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November 18, 2019


Love following your and Jonathan’s adventures Beth! Your drawings let us see your travels through your eyes. Sounds like it was an epic trip!

Oh, Beth, these drawings and your words are glorious. Thank you.

I was in a frame shop yesterday (picking up four small prints that I bought in Cuba, which I had framed when I got home) and saw beautiful art supplies and they made me think of you.

That's a lovely drawing Beth, especially the monochrome one which, to me, is more atmospheric. Minkey and Philip were in Greece again quite recently and you might have met up there if I'd known you were going!Looking forward to more of your Greek sketches and verbal descriptions.

I hope Jonathan's show went well. Love to you both.

I've looked at the lines of latitude defining Montreal and Athens and I'm reminded I did this when I moved to Pittsburgh and found I was now on a par (roughly) with Madrid and Istanbul, a long way south of chilly, damp London which I'd recently left.

Ah, the temptation. To beat the seasons and move to somewhere warm for the winter months. I suspect this would be financially do-able given the property prices in Greece. A retired acquaintance of mine, a Brit, who is far from wealthy has done just this. But then you previously lived in Vermont and must have understood the seasons. Avoiding the Canadian winter would, I suppose, be avoiding an important part of what makes Canada Canada.

And there's Britain's stark example. Politically I'm supposed to revel in cutting myself off from the landmass that gave us Rembrandt, Schubert and Proust. But this act of populist insanity merely strengthens the emotional and intellectual ties. More particularly the immediate benefits of a quotidian mingling with people who not only speak differently but who think differently. Also I'm working on what Fischer-Dieskau regards as one of the greatest and most difficult songs ever written, Du bist die Ruh - my own hidey-hole, my own place in the sun.

Your drawing captures the crampedness of Athens, the cheek-by-jowl nature of what makes Greece Greece. Welcome back.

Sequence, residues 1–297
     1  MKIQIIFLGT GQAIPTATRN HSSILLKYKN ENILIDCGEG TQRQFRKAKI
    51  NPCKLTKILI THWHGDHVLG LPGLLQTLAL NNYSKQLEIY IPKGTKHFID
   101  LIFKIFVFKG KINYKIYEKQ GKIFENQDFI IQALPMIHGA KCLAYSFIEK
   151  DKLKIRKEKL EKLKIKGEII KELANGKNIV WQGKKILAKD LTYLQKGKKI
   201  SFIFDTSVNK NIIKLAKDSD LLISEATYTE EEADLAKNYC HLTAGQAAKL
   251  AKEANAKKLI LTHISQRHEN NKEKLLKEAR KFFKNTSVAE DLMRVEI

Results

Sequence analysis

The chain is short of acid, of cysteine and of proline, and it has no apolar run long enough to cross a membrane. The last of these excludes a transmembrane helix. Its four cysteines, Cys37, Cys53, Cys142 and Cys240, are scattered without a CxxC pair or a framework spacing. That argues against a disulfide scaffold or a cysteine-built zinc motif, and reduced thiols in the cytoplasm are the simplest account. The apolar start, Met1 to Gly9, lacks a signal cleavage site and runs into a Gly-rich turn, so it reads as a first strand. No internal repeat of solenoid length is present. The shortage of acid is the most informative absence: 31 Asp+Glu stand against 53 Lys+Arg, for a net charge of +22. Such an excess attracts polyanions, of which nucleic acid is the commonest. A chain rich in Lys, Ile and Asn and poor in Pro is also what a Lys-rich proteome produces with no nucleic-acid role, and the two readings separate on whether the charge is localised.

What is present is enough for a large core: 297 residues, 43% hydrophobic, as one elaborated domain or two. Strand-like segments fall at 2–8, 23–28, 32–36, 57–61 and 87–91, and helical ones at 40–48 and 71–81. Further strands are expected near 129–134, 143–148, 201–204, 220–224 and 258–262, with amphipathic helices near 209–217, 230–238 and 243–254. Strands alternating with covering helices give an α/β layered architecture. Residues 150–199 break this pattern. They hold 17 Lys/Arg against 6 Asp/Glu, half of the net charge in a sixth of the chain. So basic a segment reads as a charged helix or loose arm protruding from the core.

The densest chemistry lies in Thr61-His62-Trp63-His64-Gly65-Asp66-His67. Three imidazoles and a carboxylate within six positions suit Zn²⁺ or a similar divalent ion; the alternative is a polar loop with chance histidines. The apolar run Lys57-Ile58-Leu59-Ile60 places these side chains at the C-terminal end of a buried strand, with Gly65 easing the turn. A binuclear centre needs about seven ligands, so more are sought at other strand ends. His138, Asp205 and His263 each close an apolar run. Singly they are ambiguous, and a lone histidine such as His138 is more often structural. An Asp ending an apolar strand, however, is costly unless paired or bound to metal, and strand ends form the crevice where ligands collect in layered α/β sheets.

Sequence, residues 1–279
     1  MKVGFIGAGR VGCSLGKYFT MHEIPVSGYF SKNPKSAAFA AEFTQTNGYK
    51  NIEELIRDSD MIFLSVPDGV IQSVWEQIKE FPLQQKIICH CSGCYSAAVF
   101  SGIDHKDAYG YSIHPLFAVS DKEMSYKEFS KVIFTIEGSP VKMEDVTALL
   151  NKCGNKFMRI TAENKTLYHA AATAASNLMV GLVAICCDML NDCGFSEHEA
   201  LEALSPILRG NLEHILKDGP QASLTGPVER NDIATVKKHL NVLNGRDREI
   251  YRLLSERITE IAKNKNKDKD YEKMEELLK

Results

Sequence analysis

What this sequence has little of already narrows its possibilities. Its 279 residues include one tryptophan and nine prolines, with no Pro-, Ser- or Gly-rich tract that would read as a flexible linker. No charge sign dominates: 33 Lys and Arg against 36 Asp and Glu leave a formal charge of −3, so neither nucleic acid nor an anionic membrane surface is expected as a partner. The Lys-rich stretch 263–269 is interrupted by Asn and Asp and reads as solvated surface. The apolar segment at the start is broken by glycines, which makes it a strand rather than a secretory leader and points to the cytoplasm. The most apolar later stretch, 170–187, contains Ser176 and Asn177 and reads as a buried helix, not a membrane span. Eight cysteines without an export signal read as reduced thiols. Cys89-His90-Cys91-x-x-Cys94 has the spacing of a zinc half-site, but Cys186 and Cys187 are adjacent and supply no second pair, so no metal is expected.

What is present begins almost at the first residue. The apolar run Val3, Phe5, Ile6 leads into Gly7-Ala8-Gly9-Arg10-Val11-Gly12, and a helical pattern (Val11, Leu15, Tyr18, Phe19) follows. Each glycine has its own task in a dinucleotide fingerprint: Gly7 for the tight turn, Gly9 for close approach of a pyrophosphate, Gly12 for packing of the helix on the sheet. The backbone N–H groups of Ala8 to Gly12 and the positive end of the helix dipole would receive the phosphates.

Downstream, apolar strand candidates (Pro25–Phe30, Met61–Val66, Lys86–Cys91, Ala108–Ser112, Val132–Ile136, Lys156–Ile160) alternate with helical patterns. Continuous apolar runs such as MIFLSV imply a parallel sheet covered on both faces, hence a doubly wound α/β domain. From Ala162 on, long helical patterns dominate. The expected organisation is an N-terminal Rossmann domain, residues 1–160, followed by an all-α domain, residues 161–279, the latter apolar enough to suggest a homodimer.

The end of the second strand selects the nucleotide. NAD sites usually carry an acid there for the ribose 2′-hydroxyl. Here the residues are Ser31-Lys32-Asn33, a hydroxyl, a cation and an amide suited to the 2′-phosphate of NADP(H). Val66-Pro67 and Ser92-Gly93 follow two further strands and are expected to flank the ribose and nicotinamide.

What a difference to see bigger pictures of your drawings on your blog. Now I can appreciate them better. Although Instagram is convenient and fun it does tend to cheapen things. I have to chuckle at your comparison of the contrasting seasons to Persephone's punishment.

Thanks, Kathy! Well, you know us and our style of traveling. Hope to catch up in person with you two sometime soon!

Rachel, thank you for thinking of me and for this lovely comment!

Robbie, Du bist die Ruh is indeed a great song, and I never sang it to any satisfaction, so I wish you better luck. The winter here is more of an aggravation as we get older -- I love the seasons, including winter and snow, and we used to downhill ski which was a big attraction in Vermont. But those days are over, I'm afraid (both because of knees and the ridiculously high cost of lift tickets, plus why do I want to ski in beautiful remote mountains with people who are talking on their cell phones?) in recent years, climate change has replaced beautiful fluffy snowfalls with episodic snow and ice storms that leave the city sidewalks covered with six inches of treacherous glare ice. Because we've committed to not using our car unless absolutely necessary, we always walk the half-hour to and from the studio, even in mid-winter, so this means crampons on boots, bundling into down coats, wooly hats, etc. When winter begins in November, as it has this year, by late February and March we've all really had it, knowing that the snow will last into April. So Persephone's six months in Hades really means something to us! I don't think we will ever buy another place in a warm climate, but getting out of here once or twice is something we are fortunate to be able to do. As long as I'm still singing, too, I don't want to be absent for great long periods of time, and there's something in one's soul that connects to the darkness of deep midwinter, and the candlelight and warmth of interiors, with friends.

Priya, yes, you're so right, that little IG window doesn't show much. As for Persephone, see my reply to Robbie, above!

Natalie, thanks. Your friend TC agrees with you about which of the three versions he prefers! I thought of Philip and Minkey but thought you told me their place was on one of the islands, which we weren't near. But perhaps one day we can meet there -- I think London is more likely though!

Thanks for that generous comment and, in particular, the reassurance that Du Bist die Ruh is difficult. After one session V observed I'd become so absorbed I was singing it as if in Morse code. More effortless legato, then. But oh the irony of "effortless".

Hope Jonathan's opening was splendid...

Lovely hierarchies of little houses and big clustering around the Acropolis... I look forward to more!

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Who was Cassandra?

  • In the Iliad, she is described as the loveliest of the daughters of Priam (King of Troy), and gifted with prophecy. The god Apollo loved her, but she spurned him. As a punishment, he decreed that no one would ever believe her. So when she told her fellow Trojans that the Greeks were hiding inside the wooden horse...well, you know what happened.